Question: Can We Compare Two Different Rna-Seq Experiments?
gravatar for k.nirmalraman
6.1 years ago by
k.nirmalraman980 wrote:


I am trying to analyze two different RNA Seq experimental data ( Two different experiments, (different runs), same platform). I would like to normalize the data from both the experiments together, to gain some insights on cell type specific expression profile (for a preliminary evaluation).

In such a case, can some one tell me how can I do the normalization (any established methods?). Any directions on what are the possible challenges and any directions towards this approach would be of great help.

Thanks in advance!

normalization rna-seq • 8.8k views
ADD COMMENTlink modified 5.5 years ago by Mikael Huss4.6k • written 6.1 years ago by k.nirmalraman980

I am planning for something similar in my work. Would be helpful if you share your experiences.

ADD REPLYlink written 18 days ago by Arindam Ghosh160
gravatar for Damian Kao
6.1 years ago by
Damian Kao15k
Damian Kao15k wrote:

Here is a good paper that compares several different normalization methods:

ADD COMMENTlink modified 10 weeks ago by RamRS21k • written 6.1 years ago by Damian Kao15k

Hi Damian,

Thanks for the link.. It is a very informative paper... Nevertheless, I was wondering would it be possible to normalize two different RNA-Seq experiments, so one can perform DE kind of analysis.

I understand this will lead to all possible limitations of a poor experiment design :( But this is only to arrive at some kind of candidate genes that can be validated...

ADD REPLYlink modified 10 weeks ago by RamRS21k • written 5.5 years ago by k.nirmalraman980
gravatar for Mikael Huss
5.5 years ago by
Mikael Huss4.6k
Mikael Huss4.6k wrote:

Not sure I understand your question properly, but in case I do ...

  • Download FASTQ files for the two experiments
  • Map them in the same way (e g STAR)
  • Quantify in the same way (e g HTSeq)
  • Merge all the counts into a single table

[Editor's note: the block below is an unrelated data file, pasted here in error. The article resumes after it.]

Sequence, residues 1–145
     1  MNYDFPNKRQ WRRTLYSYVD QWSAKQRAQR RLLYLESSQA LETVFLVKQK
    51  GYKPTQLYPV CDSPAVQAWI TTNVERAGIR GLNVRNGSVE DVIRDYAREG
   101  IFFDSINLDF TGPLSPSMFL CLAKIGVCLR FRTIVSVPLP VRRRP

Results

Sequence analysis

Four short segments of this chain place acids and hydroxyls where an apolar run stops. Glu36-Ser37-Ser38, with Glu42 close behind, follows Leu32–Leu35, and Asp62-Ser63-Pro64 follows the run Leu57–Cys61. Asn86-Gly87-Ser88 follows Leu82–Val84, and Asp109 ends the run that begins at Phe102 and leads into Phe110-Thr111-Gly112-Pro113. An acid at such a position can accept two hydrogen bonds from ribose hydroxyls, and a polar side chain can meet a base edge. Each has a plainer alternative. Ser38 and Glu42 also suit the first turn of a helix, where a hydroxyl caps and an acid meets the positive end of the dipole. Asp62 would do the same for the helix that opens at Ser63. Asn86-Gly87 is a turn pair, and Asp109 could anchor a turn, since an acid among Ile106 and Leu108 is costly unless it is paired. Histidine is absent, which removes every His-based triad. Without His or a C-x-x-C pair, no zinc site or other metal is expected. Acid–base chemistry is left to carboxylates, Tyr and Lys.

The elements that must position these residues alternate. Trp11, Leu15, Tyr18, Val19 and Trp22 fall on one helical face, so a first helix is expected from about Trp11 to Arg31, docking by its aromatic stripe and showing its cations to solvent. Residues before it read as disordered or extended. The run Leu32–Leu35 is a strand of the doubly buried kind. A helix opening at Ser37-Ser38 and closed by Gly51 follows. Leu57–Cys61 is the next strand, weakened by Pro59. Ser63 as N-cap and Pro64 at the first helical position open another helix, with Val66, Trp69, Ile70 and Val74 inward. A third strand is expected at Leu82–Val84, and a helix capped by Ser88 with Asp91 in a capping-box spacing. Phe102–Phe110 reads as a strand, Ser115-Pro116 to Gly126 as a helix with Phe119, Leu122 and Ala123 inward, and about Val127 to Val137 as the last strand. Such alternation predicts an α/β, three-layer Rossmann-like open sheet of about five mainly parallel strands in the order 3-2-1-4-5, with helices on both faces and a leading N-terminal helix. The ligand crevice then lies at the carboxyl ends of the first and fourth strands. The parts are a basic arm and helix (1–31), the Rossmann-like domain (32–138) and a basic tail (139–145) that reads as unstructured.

• Use some scaling normalization method (e g TMM) on everything
  • Use some DE package (e g limma) to call differentially expressed genes

Does that help ..?

ADD COMMENTlink modified 10 weeks ago by RamRS21k • written 5.5 years ago by Mikael Huss4.6k

The recent update that the experiments were done in different runs throws a bit of a kink in that. It's often the case that different library prep or RNA extraction dates produce a batch effect. Since the cell types (or some other factor) are presumably partitioned by this batch, any DE calls will be confounded by this. I don't know of any great way to get around that sort of things without having at least one other batch of one of the cell types (or whatever) so that the batch effect might at least be estimated.

ADD REPLYlink modified 10 weeks ago by RamRS21k • written 5.5 years ago by Devon Ryan89k

In that case (that the cell types [etc] are partitioned by batch) it's hard, yes. I didn't get the impression that that was necessarily the case, but if it is, then it is of course hard to get around the confounding. Apart from that, this recent paper found that reproducibility was good between labs and runs if you stick to the exact same library prep protocol. Even though there is some bias from the RNA extraction, it seems manageable. If the different labs had all done their own library preps, I think the results would have looked a lot different.

ADD REPLYlink modified 10 weeks ago by RamRS21k • written 5.5 years ago by Mikael Huss4.6k

I agree but will add that as I understand it they only looked at the sequencing steps in that comparison. The cultures were grown up at the same lab and then a frozen pellet was shipped. There is also variability in the growth that causes batch effects so you would expect that they would have gotten poorer results if, e.g. the cell lines were grown at each site for a while.

I would be super cautious about designing an study where one experiment is the test and the other is the control. You don't know how much slop you have. That said, I would probably do it but only as a pilot or to support another better designed finding.

If you have the same library prep. The GC and length biases that you would get from different protocols would be super hard to sort out from biology. It is possible that it would take so long to do it properly that it would cost more than redoing the experiment with the data you really want.

Doing a badly designed experiment is never cheaper, though the up front costs make it appear so.

ADD REPLYlink modified 10 weeks ago by RamRS21k • written 5.5 years ago by Michele Busby1.9k
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